Police are denying they are guilty of institutional racism over the 2007 Urewera raids, following accusations that it is a proven problem.
A new blog post by Police Commissioner Peter Marshall repeats that he won't apologise for the raids, despite the Independent Police Conduct Authority (IPCA) finding that the operation was unlawful, unjustified and unreasonable.
Mr Marshall denies any allegations of institutional racism, saying that is misguided comment with no foundation.
On 23 May this year, the authority released its report into the raids. It found that officers unlawfully detained people at five properties, set up illegal road blocks at Ruatoki and Taneatua in the Bay of Plenty and intimidated innocent residents, including children.
The authority said it received multiple complaints about 'Operation Eight' which began in late 2005 and ended on 15 October 2007 with the coordinated execution of 41 search warrants throughout the country and the establishment of the road blocks at Ruatoki and Taneatua.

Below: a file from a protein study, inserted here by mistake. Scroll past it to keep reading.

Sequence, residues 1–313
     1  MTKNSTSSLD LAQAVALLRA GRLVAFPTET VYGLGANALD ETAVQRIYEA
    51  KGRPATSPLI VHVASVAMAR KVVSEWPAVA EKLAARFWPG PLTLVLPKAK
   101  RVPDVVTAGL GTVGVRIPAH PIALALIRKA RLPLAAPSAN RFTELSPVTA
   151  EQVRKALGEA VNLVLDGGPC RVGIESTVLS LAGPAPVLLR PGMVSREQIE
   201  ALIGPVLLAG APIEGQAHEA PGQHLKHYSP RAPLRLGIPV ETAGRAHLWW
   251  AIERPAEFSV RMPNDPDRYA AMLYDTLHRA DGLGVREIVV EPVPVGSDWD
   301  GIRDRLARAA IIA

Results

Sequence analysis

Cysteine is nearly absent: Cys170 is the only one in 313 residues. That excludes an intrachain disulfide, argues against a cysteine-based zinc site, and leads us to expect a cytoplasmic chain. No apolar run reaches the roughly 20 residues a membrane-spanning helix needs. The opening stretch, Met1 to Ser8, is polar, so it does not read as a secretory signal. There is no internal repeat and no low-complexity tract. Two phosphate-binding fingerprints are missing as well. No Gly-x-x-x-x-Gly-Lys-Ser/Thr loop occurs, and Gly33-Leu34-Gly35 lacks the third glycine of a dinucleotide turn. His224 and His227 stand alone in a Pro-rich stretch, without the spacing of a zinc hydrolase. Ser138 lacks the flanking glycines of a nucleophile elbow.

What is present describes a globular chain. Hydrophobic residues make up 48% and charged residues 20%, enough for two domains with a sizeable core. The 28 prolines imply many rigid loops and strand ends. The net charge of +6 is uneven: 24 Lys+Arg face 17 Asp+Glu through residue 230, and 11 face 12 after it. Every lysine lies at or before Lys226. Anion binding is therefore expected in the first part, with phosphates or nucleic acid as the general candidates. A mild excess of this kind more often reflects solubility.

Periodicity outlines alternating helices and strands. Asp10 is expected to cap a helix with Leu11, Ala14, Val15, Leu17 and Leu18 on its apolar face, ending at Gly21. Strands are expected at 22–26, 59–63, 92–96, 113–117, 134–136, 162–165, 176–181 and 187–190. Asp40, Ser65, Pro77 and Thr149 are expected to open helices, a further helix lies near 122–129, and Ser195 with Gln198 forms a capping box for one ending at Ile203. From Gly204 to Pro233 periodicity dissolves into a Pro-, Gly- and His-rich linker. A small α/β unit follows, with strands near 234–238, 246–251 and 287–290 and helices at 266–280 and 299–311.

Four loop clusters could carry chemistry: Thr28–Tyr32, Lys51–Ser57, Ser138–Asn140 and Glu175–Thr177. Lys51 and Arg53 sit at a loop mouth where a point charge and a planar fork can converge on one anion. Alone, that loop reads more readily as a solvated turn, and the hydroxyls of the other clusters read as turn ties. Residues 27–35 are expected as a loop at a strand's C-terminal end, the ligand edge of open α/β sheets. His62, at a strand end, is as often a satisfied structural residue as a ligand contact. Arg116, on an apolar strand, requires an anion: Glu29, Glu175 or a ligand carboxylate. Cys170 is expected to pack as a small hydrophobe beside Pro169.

The IPCA found that, as a whole, the operation was reasonable and necessary, but faulted police for several shortcomings. It made seven recommendations - chiefly that police re-engage and build bridges with Bay of Plenty iwi Ngai Tuhoe.
Prominent Maori lawyer Moana Jackson says institutional racism is widespread and proven within the police and Peter Marshall's response to the IPCA's report was graceless.
Ms Jackson says admitting it would be one step towards mending their relationship with Tuhoe and the commissioner's denial of institutional racism flies in the face of facts and research on the topic.
But Superintendent Wally Haumaha, general manager of Maori, Ethnic and Pacific Services at the police, says the response to Tuhoe has been far from that - and the force is far from racist.
"On the basis of that operation it was certainly not targeted from a racist perspective or institutionalised racism as it's been called. So I'm saying that the commissioner has said on that basis, that those comments were unfounded."